Motion depth is another brilliant aspect that Minecraft developers got right. Add to this a knock-back effect, and players really need to be aware of terrain, both behind themselves and attacking mobs. 

Situation awareness in Minecraft can rival that of many games. It’s an aspect that extends far beyond mob farming. That said, Minecraft mobs set to easy can seem childish.

Create from Your Heart

So sure, Minecraft is not like Call of Duty or Halo in terms of combat, but its core design is solid. That’s without factoring the infinite variability of user created structures and terrains. Even in survival, the potential to create unique visuals is limitless. 

New players quickly discover a plethora of items. Doesn’t take long to fill up your carrying storage. Managing a good storage system of chests is essential for long-term success. With that in mind, take a look back at what you’ve created from an explorative dig that subsequently reshapes the original landscape. 

Instantly build a tower ascending above the clouds with vision of the horizon. Dig deep into the core past lava and maybe find a cave filled with precious items. Either way, brace yourself for when you look back. Takes a bit of time to get used to how fast your world can change.

Survival Mode: What to Expect on Your First Day

Can you find diamonds on your first day? Yes. I did, though I used a trick. You can do the same by watching a video or reading an article about Minecraft diamonds.

If you're like me, then you like to test limits from the start. With a stone tool or two you can tunnel directly down to the bottom (y=0 ish). Even if you were to encounter water or lava, which is a good likelihood, you should still be able to explore the depths within your first hour or two. Though, finding your way back to the surface could be an issue if you do decide to proceed in such haste.

Minecraft is a world where noobs and legendary players coalesce. This is part of the reason why you may glimpse specialized items, like a portal to the Netherworld, but that's another story. 

It’s not uncommon to encounter a stray animal along the rail system that connects most Uplift worlds. Acquiring them can be an adventure unto itself. Unless you luck out with animals or villagers on your land, you'll likely need to trade for them. And, transporting living creatures to your land is rarely easy.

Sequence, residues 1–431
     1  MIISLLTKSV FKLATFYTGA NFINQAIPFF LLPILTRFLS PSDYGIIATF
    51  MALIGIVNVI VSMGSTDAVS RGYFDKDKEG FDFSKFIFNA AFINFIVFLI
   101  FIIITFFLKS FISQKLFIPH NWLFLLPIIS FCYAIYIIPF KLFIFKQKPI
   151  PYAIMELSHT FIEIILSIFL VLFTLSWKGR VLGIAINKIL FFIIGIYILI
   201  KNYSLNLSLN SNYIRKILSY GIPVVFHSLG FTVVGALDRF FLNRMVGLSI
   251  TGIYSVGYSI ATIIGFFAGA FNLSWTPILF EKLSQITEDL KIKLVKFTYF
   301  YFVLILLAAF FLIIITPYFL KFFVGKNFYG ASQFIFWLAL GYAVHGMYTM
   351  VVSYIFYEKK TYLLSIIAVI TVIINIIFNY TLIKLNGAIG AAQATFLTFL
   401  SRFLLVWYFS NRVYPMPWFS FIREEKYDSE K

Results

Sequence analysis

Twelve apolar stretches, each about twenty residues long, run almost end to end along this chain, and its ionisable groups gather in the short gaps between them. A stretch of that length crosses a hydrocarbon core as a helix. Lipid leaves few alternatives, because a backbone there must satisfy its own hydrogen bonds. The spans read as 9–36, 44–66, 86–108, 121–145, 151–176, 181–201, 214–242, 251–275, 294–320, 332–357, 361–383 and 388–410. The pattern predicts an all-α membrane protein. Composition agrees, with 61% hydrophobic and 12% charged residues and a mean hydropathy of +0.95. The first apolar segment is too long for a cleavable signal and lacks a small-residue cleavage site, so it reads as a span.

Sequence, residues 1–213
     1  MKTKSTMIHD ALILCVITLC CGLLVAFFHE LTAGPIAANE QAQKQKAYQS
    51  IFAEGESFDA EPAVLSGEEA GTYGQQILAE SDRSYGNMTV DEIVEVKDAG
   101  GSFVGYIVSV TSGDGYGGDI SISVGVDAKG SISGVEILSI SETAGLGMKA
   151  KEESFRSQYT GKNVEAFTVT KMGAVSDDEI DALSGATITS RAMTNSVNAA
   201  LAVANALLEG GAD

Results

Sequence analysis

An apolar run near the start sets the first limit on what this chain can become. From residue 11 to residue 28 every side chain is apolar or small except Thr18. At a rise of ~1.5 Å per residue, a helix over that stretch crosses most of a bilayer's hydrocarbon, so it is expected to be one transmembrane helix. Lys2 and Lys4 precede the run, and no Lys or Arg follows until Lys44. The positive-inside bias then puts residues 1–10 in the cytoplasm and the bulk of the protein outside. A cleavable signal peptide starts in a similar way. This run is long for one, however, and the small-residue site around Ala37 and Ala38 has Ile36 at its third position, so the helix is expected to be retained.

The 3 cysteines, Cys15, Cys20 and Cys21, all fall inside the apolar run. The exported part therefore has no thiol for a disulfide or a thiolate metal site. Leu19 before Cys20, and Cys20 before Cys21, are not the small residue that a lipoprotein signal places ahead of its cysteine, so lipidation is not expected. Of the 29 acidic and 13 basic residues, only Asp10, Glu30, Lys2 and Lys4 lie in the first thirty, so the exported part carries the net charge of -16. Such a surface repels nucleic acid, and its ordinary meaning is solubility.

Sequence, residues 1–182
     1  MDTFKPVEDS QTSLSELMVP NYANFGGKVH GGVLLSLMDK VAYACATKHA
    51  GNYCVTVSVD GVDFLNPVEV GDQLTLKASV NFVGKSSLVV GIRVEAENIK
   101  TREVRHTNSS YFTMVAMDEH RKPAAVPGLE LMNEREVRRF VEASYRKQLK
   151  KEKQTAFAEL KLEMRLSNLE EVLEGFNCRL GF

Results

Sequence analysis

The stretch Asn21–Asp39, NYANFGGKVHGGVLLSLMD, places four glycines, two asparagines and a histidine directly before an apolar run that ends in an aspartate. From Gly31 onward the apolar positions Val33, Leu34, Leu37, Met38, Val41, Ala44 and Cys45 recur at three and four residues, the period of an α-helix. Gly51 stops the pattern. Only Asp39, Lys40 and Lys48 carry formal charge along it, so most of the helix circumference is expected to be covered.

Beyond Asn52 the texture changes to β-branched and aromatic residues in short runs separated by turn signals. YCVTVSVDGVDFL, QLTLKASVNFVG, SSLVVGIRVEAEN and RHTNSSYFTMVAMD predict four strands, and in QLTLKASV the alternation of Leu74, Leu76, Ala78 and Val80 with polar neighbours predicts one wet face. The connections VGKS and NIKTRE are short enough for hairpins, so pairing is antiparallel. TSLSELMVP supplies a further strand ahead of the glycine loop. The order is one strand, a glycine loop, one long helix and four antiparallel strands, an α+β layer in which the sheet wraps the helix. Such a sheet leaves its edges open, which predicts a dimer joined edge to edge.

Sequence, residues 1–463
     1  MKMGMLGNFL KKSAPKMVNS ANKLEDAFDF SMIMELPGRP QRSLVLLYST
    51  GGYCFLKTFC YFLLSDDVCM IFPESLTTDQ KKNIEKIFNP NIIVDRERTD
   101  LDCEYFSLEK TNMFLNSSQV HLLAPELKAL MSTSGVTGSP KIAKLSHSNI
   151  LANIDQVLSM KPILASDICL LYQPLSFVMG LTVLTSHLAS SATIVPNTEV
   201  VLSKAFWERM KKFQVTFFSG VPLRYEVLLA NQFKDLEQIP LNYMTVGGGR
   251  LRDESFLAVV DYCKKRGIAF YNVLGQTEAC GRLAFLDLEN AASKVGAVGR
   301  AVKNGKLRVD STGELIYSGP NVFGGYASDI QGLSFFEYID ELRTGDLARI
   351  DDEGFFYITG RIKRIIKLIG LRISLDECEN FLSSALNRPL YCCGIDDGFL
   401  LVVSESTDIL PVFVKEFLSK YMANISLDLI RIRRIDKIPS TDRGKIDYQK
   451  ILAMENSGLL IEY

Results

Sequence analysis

I got to this point (with help from a wonderful, albeit still small, community). I even have a village with horses, cows, sheep, and chickens. Now I'm looking to further automate processes. I succeeded in modeling one type of farm. 

I'll tell you this, clearing up underground space takes quite a bit of time. So too did just modeling some basic designs automations I found on YouTube. 

If you ever wonder how vast Minecraft can be, visit some of the masterfully built designs. Some organizations (e.g. Cryptowriter) are building cities within Minecraft.

Creator Mode First Experiences

Creator mode allows you to delve into building a vision from your heart. Possible variations are endless and the options, many. The ability to automate processes makes Minecraft something that even after mastery there's no boredom cap.

Did you know that Cryptowriter and Finney are in the Uplift Genesis world? 

The CryptoFinney team is revolutionizing what's possible in Creator mode. More on that in another article 🙂 

Concluding Remarks

Remember I said to keep that map handy because finding your land can be quite the challenge in Survival mode (where flying is not on by default like in Creator mode)? 

Survivor mode resource limitations lends to certain dynamics. I found myself having to pass through several player-built barriers just to get to my land. You may have an easier time if you’re near the rail system. 

Once you do find your land, lay down a bed so that if, and when, you die you’ll respawn there. If you ever find yourself in a tough spot you can type " /spawn " to teleport to the center of the map and then find a way to burn out your hearts (die) so as to respawn at your bed. 

What are you waiting for? Get back in the game.